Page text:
The German translation of the Conservation Revolution (Die Naturschutzrevolution) will soon be available through Passagen Verlag. Order your copy here!
Check out the first of four policy briefs produced by the CONVIVA project to explain Convivial Conservation to a broad audience:
The book The Conservation Revolution: Radical Ideas for Saving Nature beyond the Anthropocene by Bram Büscher and Robert Fletcher is currently being translated into several languages:
Français: there will be a French translation by Actes Sud, hopefully coming in 2023;
Español: there will be a Spanish translation by Icaria Editorial, hopefully coming in 2022;
Deutsch: there will be a German translation by Passagen Verlag, coming in October 2022!
And we are hoping that yet more may materialize soon – stay tuned!
We are taking convivial conservation to the next level: the Oak Foundation has approved a three-year programme to start implementing convivial conservation in three living landscapes in South Africa. The programme will be led by The institute for Poverty, Land and Agrarian Studies (PLAAS) of the University of the Western Cape, together with the Sociology of Development and Change Group at Wageningen University. More updates soon.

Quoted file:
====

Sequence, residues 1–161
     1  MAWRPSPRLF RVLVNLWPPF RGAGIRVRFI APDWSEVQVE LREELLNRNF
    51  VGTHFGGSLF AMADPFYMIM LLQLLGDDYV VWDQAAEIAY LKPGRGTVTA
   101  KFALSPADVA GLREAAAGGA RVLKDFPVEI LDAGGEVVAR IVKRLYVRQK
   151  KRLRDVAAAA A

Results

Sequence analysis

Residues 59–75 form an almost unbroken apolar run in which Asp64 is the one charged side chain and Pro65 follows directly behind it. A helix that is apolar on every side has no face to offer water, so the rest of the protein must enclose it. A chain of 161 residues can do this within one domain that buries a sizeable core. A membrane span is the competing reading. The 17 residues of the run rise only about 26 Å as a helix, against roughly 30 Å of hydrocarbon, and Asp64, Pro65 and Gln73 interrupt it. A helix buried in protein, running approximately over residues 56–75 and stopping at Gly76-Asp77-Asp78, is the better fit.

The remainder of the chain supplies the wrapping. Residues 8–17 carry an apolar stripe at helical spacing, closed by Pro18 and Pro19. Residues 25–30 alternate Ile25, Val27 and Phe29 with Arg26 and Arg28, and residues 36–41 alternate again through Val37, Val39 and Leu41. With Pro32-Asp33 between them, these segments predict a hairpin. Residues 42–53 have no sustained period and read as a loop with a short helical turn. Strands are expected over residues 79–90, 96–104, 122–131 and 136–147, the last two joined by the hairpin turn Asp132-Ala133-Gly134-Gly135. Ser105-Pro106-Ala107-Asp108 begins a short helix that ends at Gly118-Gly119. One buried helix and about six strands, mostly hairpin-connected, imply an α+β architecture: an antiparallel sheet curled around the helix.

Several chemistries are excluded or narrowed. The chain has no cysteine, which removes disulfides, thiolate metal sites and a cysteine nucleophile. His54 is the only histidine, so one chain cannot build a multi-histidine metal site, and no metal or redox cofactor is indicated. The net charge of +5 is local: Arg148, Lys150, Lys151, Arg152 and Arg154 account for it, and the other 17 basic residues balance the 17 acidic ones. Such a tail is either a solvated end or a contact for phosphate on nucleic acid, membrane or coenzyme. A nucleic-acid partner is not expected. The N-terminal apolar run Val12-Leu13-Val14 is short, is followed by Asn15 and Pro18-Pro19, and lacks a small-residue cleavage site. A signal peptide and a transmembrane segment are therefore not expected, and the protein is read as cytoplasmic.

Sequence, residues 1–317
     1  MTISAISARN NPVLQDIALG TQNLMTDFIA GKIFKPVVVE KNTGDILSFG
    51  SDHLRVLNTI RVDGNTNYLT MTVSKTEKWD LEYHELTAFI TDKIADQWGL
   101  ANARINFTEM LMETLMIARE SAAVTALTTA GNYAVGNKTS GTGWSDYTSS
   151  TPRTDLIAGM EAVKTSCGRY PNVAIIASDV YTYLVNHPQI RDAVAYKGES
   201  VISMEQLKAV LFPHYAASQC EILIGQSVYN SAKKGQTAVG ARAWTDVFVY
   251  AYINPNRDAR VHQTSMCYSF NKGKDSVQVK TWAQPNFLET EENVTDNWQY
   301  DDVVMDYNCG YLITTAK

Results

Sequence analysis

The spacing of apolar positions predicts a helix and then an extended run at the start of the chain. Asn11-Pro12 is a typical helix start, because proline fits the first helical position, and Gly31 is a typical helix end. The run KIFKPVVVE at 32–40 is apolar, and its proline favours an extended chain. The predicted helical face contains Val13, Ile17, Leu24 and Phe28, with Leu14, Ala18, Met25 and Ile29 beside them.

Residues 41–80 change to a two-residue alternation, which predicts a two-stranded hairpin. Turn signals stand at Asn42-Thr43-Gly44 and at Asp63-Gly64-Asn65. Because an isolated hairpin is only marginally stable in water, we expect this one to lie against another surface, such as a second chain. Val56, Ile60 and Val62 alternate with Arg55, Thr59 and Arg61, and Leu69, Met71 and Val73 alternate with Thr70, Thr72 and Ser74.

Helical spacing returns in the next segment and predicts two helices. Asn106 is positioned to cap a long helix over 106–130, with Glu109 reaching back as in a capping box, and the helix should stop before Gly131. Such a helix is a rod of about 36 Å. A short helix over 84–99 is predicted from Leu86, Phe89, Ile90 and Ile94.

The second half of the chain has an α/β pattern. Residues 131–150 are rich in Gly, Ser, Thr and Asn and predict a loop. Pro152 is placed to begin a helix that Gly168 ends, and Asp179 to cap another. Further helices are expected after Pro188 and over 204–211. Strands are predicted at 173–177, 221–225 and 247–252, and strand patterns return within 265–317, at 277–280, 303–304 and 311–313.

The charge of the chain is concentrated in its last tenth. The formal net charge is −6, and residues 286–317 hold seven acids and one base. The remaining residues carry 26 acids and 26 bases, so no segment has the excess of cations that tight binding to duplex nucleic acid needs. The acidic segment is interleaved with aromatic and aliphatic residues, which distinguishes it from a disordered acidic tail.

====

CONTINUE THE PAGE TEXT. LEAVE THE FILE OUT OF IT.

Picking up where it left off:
Authors: Robert Fletcher, Kate Massarella, Ashish Kothari, Pallav Das, Anwesha Dutta and Bram Büscher
The prospects for Earth’s biological diversity look increasingly bleak. The urgency of global efforts to preserve biodiversity long predates the COVID-19 crisis, but the pandemic has added new dimensions to the problem. Conservation funding from nature tourism has all but disappeared with international travel restrictions, wildlife poaching is on the rise, and various political regimes have used the crisis as an excuse to roll-back and circumvent environmental regulations. These developments are products of the dominant mode of natural resource “management” via technocratic control that is at the core of global socio-ecological crises.
Even worse, perhaps, a series of key international meetings planned throughout 2020 to establish a Global Biodiversity Framework to guide conservation efforts through the next decade have been cancelled or postponed. Yet, while the delay developing this framework leaves conservation’s future even more uncertain, it also presents a valuable opportunity. The COVID-19 crisis has made it clear that any hope of preserving the planet’s rapidly dwindling natural systems and species depend on our capacity to use this extended period of reflection and discussion to push the Biodiversity Framework, as well as national- and local-level policies and practices, in a radical new direction.